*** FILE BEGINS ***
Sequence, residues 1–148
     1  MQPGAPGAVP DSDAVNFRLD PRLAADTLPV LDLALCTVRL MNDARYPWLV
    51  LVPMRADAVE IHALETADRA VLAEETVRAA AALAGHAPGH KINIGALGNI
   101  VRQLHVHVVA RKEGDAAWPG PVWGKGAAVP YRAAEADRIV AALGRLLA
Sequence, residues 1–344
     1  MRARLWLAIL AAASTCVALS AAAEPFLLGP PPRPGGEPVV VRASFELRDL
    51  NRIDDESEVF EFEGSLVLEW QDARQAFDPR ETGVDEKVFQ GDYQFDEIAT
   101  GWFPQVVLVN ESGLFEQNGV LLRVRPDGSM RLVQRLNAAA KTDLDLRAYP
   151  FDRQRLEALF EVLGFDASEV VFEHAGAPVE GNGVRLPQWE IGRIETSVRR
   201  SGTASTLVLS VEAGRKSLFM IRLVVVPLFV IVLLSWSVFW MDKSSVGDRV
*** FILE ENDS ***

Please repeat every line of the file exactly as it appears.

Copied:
Sequence, residues 1–148
     1  MQPGAPGAVP DSDAVNFRLD PRLAADTLPV LDLALCTVRL MNDARYPWLV
    51  LVPMRADAVE IHALETADRA VLAEETVRAA AALAGHAPGH KINIGALGNI
   101  VRQLHVHVVA RKEGDAAWPG PVWGKGAAVP YRAAEADRIV AALGRLLA
Sequence, residues 1–344
     1  MRARLWLAIL AAASTCVALS AAAEPFLLGP PPRPGGEPVV VRASFELRDL
    51  NRIDDESEVF EFEGSLVLEW QDARQAFDPR ETGVDEKVFQ GDYQFDEIAT
   101  GWFPQVVLVN ESGLFEQNGV LLRVRPDGSM RLVQRLNAAA KTDLDLRAYP
   151  FDRQRLEALF EVLGFDASEV VFEHAGAPVE GNGVRLPQWE IGRIETSVRR
   201  SGTASTLVLS VEAGRKSLFM IRLVVVPLFV IVLLSWSVFW MDKSSVGDRV